To hear him – whose most recent pressing concern had been Dortmund’s Champions League campaign – talking about prayer was somehow unnerving and reassuring all at once.

Have you ever tried to keep a teenager in one place for fourteen minutes, let alone fourteen days? Luckily, we’ve got a walled courtyard, so when no one else is around we’ve let him kick a ball around, since he’s missing soccer practice. The worst was seeing the tears well up the first time we brought a plate of dinner to his room – I lost it myself, right then.

But we reminded ourselves that compared to folks in Wuhan, and many other places, we have it pretty easy. There was a mini-panic in our town that first weekend, with supermarket shelves emptied of staple dry goods. And our other son had to go back to school the following Monday, which brought its own angst. But mostly, our parents’ WhatsApp group has been humming with simple encouragement to each other to hang in there and not panic.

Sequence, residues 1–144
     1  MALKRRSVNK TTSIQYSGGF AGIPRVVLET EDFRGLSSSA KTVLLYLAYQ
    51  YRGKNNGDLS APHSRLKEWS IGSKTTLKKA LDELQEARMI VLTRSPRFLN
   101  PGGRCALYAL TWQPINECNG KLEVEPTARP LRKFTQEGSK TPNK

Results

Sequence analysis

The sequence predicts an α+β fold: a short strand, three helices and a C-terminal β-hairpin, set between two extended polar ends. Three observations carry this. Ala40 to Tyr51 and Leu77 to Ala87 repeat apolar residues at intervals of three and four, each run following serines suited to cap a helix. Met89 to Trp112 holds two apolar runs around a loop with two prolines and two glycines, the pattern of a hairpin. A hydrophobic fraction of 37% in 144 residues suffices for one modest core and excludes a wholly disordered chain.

The quarantine has brought us moments of sunshine. A few days in, at a particularly depressing breakfast, I cranked up Mendelssohn’s Elijah – now there’s a man ostracized from society, and with every reason to give up – and soaked in the words from Psalm 91, “For he shall give his angels charge over thee; that they shall protect thee in all the ways thou goest; that their hands shall uphold and guide thee.” Somehow, it all felt a little more relevant.

Our family may be almost out of the woods, but the epidemic doesn’t show signs of slowing, and in that lies a challenge: What will you do if and when the coronavirus lands in your neighborhood? On this point, the early church gives us a clear example, in the way they followed Matthew 25 – “Whatever you do for the least of these…” – and John 15:13 – “Greater love has no one than this: to lay down one’s life for one’s friends.” In The Rise of Christianity, Rodney Stark quotes early bishop Dionysius, writing circa AD 260 about an epidemic in Rome: